I always have a lot to think about the week after producing a show or event; reviewing notes, following up with my client to be sure expectations were met (and hopefully exceeded), determining what went well and, most importantly, how I can evolve to create and achieve an even better result for the next production. And every time my takeaway is this: It’s all about communication.  

Communication is at the heart of every good client relationship and it involves skills that require honest evaluation, time and an emotional investment to develop.  The emotional investment side of it demands that you are fully committed to the client and the importance of their goals, building genuine trust by listening and delivering the result they desire.

It’s a human tendency to try to reduce business down to numbers and hardware, but the result is a far stretch from the truth of business. Good business requires good relationships, which is a human art. Confidence, trust, and a boldness to progress through economic highs and lows–these things support good client relationships. They take time and patience to develop.

Here are some things I have learned for improving client and vendor relationships.

1. Ask questions

If you don’t know something about your project or client, chances are, you should. It’s the little details that can make or break a project, and they are often overlooked. Be confident enough to ask questions, especially those that involve the thought process of your client. If a client is hesitant about proceeding with a certain design or layout, for instance, there might be a very good reason for it–perhaps a competitor has a very similar style and you’re unaware of it. Or maybe there are additional committee members involved in the decision making process. Either way, the more a client is able to give feedback on a project, the easier it will be to move forward. There’s nothing more difficult than troubleshooting in the dark, so don’t hesitate to ask questions of your client.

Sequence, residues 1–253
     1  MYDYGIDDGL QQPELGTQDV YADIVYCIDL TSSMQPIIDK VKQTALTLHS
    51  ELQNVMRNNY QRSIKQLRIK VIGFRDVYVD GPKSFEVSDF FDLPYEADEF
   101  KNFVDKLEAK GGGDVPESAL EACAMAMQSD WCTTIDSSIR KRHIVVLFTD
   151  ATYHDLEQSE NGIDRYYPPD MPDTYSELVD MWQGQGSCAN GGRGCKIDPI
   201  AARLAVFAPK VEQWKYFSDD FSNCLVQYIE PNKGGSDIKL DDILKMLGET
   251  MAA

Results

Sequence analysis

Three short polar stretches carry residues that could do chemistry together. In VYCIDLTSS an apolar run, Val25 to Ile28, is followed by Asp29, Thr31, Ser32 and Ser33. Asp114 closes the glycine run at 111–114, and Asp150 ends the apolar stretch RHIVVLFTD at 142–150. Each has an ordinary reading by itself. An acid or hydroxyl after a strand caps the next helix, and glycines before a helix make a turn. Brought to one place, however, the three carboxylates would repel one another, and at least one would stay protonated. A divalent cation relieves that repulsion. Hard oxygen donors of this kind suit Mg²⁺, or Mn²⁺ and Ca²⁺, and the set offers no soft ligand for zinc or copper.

2. Be willing to make a decision

Making decisions means that you’re assuming responsibility for the outcome, at least on your part. This can be intimidating and many production teams have a tendency to shy away from it. Step up. You need to be willing to say both yes and no. If an element would compromise the integrity of the event, saying “No, this isn’t possible, for these particular reasons” might ultimately save the project and result in a more spectacular event. At the same time be willing to go the extra mile. This doesn’t mean give away the store but understand the issues and be willing to stay a little longer.

3. Write clear, understandable contracts

They say ambiguity in a contract favors the party that didn’t draft it. Yep! Not only should your contract be clear, it’s imperative that your client understand it. There should be clear boundaries of the work that will be provided, how it will be provided, and a clear way to measure success. In part, this helps to manage expectations. The true value of a contract is to prevent issues that may arise during the project, issues that can derail the entire event and cost everyone time, energy and money. Good business depends on transparency. When each party understands their roles and requirements, the relationship will be off to a good start.

4. Be a problem solver

If you can solve a problem, no matter how small or unexpected, it will make the client’s life simpler. And the more problems you can solve, the more grateful a client will be. With an outside and hopefully, objective view, the creative production team is in the position to see and solve a problem differently than a client. Focus on solving problems overall, not just during the event, and you’ll be invaluable.

5. Keep working at it

Building healthy client relationships isn’t just part of the job, it’s most of the job. In a B2B world, working with clients to solve problems and provide solutions is dependent on a culture that can overcome bumps in the road. That requires you to make an effort each time you communicate with your clients. And the result is that your relationship is indispensable year after year.

The next time you approach your client, think clearly about your goals in the meeting and focus on communication. Ask questions, make decisions, explain, solve, and be patient. Your client relationships are the heart of your business.